How To Set Managers Up for Success in a Hybrid Workforce 


The world of work looks much different than it did a year ago, and the manager’s role has evolved to meet the needs of the hybrid workforce. Managers today need a new toolkit to support the hybrid workforce. In this article, Gretchen Alarcon, vice president and general manager of HR service delivery, ServiceNow, discusses how this toolkit looks like. 

The world of work looks vastly different than it did one year ago. Where we work and how we work have been decoupled, and it’s clear that the future is hybrid. Our 2021 Employee Experience Imperative ReportOpens a new window found that 62% of employees (and 72% of desk workers) believe COVID-19 will have a significant impact on their work experience not only now but for years to come.

Leaders must now shift their focus from supporting a temporary virtual workforce to putting the systems and technologies in place to keep employees connected, engaged, and supported from anywhere.

Managers and team leaders are on the frontlines of these shifts. Throughout the pandemic, they have had to find new ways to inspire and connect with their teams. At the same time, they are also dealing with increased workloads, uncertainty about the future, and the challenges of work-life balance.

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To support employees in this past year of work transformation, managers have evolved from simply driving deadlines and productivity to focusing on the end-to-end employee experience, including mental health and wellbeing. As the role of the manager evolves and becomes more complex, they need tools and technology to support their teams, wherever they choose to work.

This demands a new manager toolkit, drawing on learnings from the last year to support the workforce model of the future.

The 2021 Manager Toolkit

To be successful in our new future of hybrid work, managers and team leaders need the right tools to address employees’ needs, wellbeing, and professional growth. The manager toolkit of 2021 includes three essential elements: 

  • Digital tools to facilitate continuous learning and development

While we’ve learned over the last year that most employees don’t all need to be in the same place to be productive, enabling continuous learning and development across a distributed workforce poses a bigger challenge. Companies must ensure employees have the digital tools in place for ongoing learning and development and that remote employees are just as engaged and visible as their in-person counterparts during these sessions.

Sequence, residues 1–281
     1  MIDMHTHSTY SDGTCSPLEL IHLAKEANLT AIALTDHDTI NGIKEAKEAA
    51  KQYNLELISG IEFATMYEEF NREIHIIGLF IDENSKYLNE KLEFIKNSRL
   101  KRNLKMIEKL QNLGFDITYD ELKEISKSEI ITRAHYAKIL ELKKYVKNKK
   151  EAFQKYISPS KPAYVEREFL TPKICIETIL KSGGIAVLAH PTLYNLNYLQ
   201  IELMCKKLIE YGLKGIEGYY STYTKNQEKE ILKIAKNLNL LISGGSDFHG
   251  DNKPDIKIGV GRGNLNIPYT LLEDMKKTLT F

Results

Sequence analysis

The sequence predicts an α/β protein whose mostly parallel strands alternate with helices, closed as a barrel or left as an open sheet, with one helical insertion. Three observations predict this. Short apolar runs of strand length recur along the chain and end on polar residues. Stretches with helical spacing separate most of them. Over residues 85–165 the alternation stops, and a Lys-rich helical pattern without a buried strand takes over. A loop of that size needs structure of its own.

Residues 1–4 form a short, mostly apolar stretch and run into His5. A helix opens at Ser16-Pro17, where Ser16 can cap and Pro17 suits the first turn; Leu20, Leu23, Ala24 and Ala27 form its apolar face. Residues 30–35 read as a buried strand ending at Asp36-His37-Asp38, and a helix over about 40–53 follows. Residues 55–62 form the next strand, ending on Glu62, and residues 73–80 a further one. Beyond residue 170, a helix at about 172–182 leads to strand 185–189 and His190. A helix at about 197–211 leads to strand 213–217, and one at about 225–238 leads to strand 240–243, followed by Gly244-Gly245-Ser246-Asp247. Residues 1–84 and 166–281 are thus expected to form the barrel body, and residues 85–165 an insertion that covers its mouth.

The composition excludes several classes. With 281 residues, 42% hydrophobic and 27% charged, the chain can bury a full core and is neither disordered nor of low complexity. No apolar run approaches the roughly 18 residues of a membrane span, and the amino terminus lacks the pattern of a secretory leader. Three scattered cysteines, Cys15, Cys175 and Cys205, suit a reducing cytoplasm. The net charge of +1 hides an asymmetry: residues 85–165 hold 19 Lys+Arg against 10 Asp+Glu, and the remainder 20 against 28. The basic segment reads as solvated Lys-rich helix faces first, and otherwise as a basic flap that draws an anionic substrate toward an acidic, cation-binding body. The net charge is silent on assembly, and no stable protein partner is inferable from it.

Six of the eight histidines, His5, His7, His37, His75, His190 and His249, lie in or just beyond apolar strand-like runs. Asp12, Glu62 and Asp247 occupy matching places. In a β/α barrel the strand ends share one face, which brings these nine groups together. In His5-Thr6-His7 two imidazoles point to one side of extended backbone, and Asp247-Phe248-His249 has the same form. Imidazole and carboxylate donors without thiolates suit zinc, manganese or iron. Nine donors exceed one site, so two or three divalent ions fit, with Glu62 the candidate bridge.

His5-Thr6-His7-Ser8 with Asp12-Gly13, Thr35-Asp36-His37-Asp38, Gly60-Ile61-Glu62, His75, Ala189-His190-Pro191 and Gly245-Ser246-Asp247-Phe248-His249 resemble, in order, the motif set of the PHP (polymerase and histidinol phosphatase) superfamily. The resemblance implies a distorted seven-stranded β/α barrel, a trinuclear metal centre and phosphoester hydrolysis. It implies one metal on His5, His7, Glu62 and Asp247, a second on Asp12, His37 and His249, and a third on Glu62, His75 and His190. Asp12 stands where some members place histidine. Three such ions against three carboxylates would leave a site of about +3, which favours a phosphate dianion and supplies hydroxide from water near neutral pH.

Supporting employees with resources to be able to upskill when relevant is also essential. Digital workflows can augment the manager’s role by providing learning materials to an employee in their normal flow of work and making these resources available on-demand, so the learning experience is more flexible. This way, training becomes an organic part of their day-to-day.

And instead of guessing what employees need or want to learn, AI tools can help predict and surface relevant materials in real-time. For example, they can identify when an employee needs help based on where they’re searching for materials, patterns in their working hours, or when a task is taking longer than usual. Providing these in-moment opportunities then allows employees to more closely connect learning to their specific role and day-to-day success.

  • Low code tools to create customized growth plans

Every employee is different and requires a unique growth plan that can be updated throughout their career. Applications that help managers create customized role-based plans with little to no programming experience are becoming more commonplace. Leveraging easily customizable tools, managers can guide each person with tasks and actions to move through different career moments.

With a customizable role-based plan, it’s clear to both employees and managers exactly what they need to be successful in their role. These plans can also organize activities and tasks to help them through big moments like onboarding, a promotion, or a transfer.

Too often, growth plans are completed within a Word document that a manager formats and fills out from scratch. With digital tools, managers can replace inconvenient documents with more efficient and effective workflows that track progress in real-time and pull from best practices.

  • A schedule of consistent and clear feedback

It’s vital to establish a cadence of regular feedback within a hybrid workforce, where there may be fewer organic run-ins and touchpoints between managers and their reports. If employees have a clear understanding of expectations and how they are tracking against goals, they can continue to improve performance and adjust course, rather than waiting for annual performance reviews.

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Without regular in-person interactions in an office, managers need to be more deliberate about setting a schedule to deliver and receive feedback from their teams. Scheduling times to give and receive feedback and regularly tracking progress in an employees’ career plan can help ensure both the manager and employee are tracking towards the same goals.

The agile, distributed “anywhere, anytime” workplace will continue to transform how companies operate. And while managers will always need to find ways to connect directly with employees and actively listen to their needs, modern tools can help along the way. Companies must make sure managers have the tools they need to create great experiences in this new era of work